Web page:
Whitehead continues the African-American artists' inquiry into race mythology and history with rousing audacity and razor-sharp ingenuity; he is now assuredly a writer of the first rank.

Pub Date: Sept. 13, 2016

ISBN: 978-0-385-53703-2

Page Count: 320

Publisher: Doubleday

Review Posted Online: April 13, 2016

Kirkus Reviews Issue: May 1, 2016

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Miller makes Homer pertinent to women facing 21st-century monsters.

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CIRCE

A retelling of ancient Greek lore gives exhilarating voice to a witch.

“Monsters are a boon for gods. Imagine all the prayers.” So says Circe, a sly, petulant, and finally commanding voice that narrates the entirety of Miller’s dazzling second novel. The writer returns to Homer, the wellspring that led her to an Orange Prize for The Song of Achilles (2012). This time, she dips into The Odyssey for the legend of Circe, a nymph who turns Odysseus’ crew of men into pigs. The novel, with its distinctive feminist tang, starts with the sentence: “When I was born, the name for what I was did not exist.” Readers will relish following the puzzle of this unpromising daughter of the sun god Helios and his wife, Perse, who had negligible use for their child. It takes banishment to the island Aeaea for Circe to sense her calling as a sorceress: “I will not be like a bird bred in a cage, I thought, too dull to fly even when the door stands open. I stepped into those woods and my life began.” This lonely, scorned figure learns herbs and potions, surrounds herself with lions, and, in a heart-stopping chapter, outwits the monster Scylla to propel Daedalus and his boat to safety. She makes lovers of Hermes and then two mortal men. She midwifes the birth of the Minotaur on Crete and performs her own C-section. And as she grows in power, she muses that “not even Odysseus could talk his way past [her] witchcraft. He had talked his way past the witch instead.” Circe’s fascination with mortals becomes the book’s marrow and delivers its thrilling ending. All the while, the supernatural sits intriguingly alongside “the tonic of ordinary things.” A few passages coil toward melodrama, and one inelegant line after a rape seems jarringly modern, but the spell holds fast. Expect Miller’s readership to mushroom like one of Circe’s spells.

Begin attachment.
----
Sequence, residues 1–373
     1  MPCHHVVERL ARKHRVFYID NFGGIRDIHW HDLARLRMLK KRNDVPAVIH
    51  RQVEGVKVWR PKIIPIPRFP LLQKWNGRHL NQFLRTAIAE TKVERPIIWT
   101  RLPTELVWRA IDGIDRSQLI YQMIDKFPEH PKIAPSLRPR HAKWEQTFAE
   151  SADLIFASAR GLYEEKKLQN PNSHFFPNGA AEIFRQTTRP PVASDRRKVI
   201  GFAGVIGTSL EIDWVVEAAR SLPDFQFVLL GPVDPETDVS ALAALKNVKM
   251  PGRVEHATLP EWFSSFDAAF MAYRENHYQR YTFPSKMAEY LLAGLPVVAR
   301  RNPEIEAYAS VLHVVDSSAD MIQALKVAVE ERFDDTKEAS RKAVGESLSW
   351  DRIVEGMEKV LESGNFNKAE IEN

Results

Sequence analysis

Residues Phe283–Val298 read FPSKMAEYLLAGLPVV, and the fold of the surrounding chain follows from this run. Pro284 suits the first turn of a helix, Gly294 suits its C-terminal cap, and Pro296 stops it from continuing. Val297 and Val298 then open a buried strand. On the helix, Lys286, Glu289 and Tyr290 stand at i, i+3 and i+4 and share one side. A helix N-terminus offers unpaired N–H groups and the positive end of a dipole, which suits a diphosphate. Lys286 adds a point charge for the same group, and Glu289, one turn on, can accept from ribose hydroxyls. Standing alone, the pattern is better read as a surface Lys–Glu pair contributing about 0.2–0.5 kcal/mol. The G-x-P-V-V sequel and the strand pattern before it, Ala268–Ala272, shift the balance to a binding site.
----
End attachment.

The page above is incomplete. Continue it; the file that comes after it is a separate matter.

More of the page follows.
Miller makes Homer pertinent to women facing 21st-century monsters.

Pub Date: April 10, 2018

ISBN: 978-0-316-55634-7

Page Count: 400

Publisher: Little, Brown

Review Posted Online: Jan. 23, 2018

Kirkus Reviews Issue: Feb. 1, 2018